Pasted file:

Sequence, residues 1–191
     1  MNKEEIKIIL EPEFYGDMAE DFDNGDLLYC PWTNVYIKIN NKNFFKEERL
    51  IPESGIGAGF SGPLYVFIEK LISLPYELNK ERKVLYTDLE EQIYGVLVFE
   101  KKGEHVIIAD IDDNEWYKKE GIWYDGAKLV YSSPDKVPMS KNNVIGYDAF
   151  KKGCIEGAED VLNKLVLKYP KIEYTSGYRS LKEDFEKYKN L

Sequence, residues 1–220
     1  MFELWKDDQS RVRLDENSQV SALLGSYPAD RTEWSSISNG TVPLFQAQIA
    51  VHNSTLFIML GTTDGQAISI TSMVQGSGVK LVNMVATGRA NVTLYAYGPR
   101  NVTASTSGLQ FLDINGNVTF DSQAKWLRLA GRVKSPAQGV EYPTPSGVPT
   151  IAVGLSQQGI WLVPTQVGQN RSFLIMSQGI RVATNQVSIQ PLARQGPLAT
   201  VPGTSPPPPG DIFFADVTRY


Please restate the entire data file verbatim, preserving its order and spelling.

Sequence, residues 1–191
     1  MNKEEIKIIL EPEFYGDMAE DFDNGDLLYC PWTNVYIKIN NKNFFKEERL
    51  IPESGIGAGF SGPLYVFIEK LISLPYELNK ERKVLYTDLE EQIYGVLVFE
   101  KKGEHVIIAD IDDNEWYKKE GIWYDGAKLV YSSPDKVPMS KNNVIGYDAF
   151  KKGCIEGAED VLNKLVLKYP KIEYTSGYRS LKEDFEKYKN L

Sequence, residues 1–220
     1  MFELWKDDQS RVRLDENSQV SALLGSYPAD RTEWSSISNG TVPLFQAQIA
    51  VHNSTLFIML GTTDGQAISI TSMVQGSGVK LVNMVATGRA NVTLYAYGPR
   101  NVTASTSGLQ FLDINGNVTF DSQAKWLRLA GRVKSPAQGV EYPTPSGVPT
   151  IAVGLSQQGI WLVPTQVGQN RSFLIMSQGI RVATNQVSIQ PLARQGPLAT
   201  VPGTSPPPPG DIFFADVTRY